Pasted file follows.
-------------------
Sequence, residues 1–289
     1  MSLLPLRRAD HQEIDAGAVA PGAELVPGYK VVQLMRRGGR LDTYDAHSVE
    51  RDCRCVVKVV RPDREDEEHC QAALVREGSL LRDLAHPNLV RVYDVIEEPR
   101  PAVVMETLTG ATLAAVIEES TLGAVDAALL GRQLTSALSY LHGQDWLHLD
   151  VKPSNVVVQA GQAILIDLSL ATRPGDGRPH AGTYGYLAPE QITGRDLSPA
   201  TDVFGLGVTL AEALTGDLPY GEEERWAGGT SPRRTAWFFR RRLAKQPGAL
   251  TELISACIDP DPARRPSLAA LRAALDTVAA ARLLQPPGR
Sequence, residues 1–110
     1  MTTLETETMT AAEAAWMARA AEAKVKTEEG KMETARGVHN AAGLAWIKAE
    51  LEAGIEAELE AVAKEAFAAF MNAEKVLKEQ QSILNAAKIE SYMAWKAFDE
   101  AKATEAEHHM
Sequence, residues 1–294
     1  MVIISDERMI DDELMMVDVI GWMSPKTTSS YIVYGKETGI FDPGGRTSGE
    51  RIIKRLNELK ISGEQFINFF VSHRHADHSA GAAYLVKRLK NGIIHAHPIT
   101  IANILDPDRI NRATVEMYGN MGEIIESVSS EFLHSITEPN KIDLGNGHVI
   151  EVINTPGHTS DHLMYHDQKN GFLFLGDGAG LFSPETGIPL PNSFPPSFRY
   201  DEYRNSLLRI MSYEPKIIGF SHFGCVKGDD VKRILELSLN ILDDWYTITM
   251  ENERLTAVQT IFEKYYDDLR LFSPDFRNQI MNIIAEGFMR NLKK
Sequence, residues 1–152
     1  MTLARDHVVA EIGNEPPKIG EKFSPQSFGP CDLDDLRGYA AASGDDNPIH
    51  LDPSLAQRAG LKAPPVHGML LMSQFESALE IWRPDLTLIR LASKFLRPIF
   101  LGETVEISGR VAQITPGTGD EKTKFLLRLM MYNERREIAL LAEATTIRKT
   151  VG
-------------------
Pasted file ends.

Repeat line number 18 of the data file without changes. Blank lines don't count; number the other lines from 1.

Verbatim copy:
   251  ENERLTAVQT IFEKYYDDLR LFSPDFRNQI MNIIAEGFMR NLKK